Corey Lyles, 35, admitted fatally stabbing his overnight guest Gilbert Thomas, 34, after the two men fought when Thomas demanded that Lyles replace a missing light bulb in the Philadelphia home.
Police in Minco, Okla., charged Carol Sue Elvaker, 53, with fatally stabbing her son-in-law, former mayor Brian Roach, 34, after she said a Ouija board told her to do it.
David Monroe Baumann, 30, pleaded guilty in San Jose, Calif., to murdering his 34-year-old wife during an argument that began over what to have for dinner. "She was serving macaroni and cheese and Tater Tots," defense lawyer Richard Rosen said, "and he wanted something more healthful."
Steven Brummett, 47, said he initiated a 10-minute shootout with a Monroe County, Ind., sheriff's deputy after he became agitated because he was constipated.
Recycling's Finest Moment
The McGhan Medical Corp. announced the development of biologically engineered human collagen, using cells from the circumcised foreskins of infant boys.
What Men Want
A German survey found that as soon as the word "bathroom" is mentioned, a third of men start thinking about sex.
Concerned over India's rising population, the government announced it was lowering the price of television sets to encourage people to watch TV instead of having sex. "Entertainment is an important component of the population policy," Health Minister C.P. Thakur said.
Show and Tell
The Catholic Church announced that all new churches in England and Wales would use glass boxes instead of the traditional wooden confessional after 21 priests in the two countries were convicted of child abuse between 1995 and 1999. Confessor and priest will be visible during the act of contrition, although the booths will be soundproofed.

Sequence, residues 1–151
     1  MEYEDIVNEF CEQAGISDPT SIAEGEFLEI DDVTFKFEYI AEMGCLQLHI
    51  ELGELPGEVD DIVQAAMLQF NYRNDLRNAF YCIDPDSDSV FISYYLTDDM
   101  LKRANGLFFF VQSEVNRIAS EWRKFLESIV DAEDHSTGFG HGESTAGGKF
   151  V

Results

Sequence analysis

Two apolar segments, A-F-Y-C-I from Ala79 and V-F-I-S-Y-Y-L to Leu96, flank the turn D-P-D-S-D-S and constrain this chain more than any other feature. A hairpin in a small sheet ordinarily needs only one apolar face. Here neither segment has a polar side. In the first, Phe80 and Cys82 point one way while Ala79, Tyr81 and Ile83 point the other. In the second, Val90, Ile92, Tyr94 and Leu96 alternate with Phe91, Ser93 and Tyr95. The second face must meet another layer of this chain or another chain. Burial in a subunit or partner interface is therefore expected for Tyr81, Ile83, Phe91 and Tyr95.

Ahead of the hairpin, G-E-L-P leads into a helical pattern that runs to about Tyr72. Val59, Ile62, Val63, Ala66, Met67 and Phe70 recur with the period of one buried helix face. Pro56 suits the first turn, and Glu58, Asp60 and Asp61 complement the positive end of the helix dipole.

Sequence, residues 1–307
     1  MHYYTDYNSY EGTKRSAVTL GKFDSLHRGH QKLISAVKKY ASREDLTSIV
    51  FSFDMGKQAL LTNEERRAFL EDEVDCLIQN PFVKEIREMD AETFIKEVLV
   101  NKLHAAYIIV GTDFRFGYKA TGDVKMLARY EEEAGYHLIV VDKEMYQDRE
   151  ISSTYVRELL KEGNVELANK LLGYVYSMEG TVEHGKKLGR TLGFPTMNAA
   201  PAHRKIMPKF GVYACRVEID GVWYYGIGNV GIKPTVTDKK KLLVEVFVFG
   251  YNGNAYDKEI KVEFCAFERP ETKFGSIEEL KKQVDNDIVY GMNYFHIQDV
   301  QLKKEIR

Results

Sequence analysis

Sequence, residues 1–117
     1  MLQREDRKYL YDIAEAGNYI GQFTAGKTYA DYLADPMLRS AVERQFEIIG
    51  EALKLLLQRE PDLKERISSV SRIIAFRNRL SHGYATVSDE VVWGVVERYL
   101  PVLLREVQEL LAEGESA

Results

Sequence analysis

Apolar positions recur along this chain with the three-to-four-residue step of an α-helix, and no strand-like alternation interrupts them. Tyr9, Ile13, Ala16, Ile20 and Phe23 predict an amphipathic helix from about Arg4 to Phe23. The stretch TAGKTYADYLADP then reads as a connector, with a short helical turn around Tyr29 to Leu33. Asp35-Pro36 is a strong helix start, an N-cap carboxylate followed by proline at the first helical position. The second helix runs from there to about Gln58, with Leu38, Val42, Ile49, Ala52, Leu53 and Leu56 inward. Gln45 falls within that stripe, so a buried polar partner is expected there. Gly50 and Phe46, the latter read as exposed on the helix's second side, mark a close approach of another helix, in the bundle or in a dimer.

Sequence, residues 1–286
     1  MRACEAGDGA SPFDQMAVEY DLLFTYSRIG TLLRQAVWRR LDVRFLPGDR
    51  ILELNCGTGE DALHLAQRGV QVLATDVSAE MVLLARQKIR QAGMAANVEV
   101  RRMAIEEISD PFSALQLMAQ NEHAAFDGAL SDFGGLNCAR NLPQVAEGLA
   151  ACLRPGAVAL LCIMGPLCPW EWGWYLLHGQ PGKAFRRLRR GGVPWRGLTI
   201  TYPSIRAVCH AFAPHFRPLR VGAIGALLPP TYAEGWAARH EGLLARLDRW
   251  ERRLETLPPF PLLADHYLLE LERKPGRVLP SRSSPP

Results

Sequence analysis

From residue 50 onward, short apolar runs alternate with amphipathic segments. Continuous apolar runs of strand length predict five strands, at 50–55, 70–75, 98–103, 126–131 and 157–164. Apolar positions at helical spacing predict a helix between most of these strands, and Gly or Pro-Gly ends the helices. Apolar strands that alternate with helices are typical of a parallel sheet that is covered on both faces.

A Law We Can Live With
Colorado outlawed aluminum underwear. Aimed at shoplifters trying to thwart stores' anti-theft scanners, the measure makes it a misdemeanor to make, wear or know others are wearing aluminum underwear for such deceptions. It also gives store employees immunity if they stop shoppers who crackle when they walk. It does permit wearing aluminum briefs and lingerie for personal amusement, however. "This is serious business," insisted State Sen. Stephanie Takis, one of the bill's sponsor.
I Know It Even When I Don't See It
Fred Tarrant, a city councilor in Naples, Fla., demanded that a city art center remove a controversial painting, insisting it is disgusting and salacious. Tarrant is blind.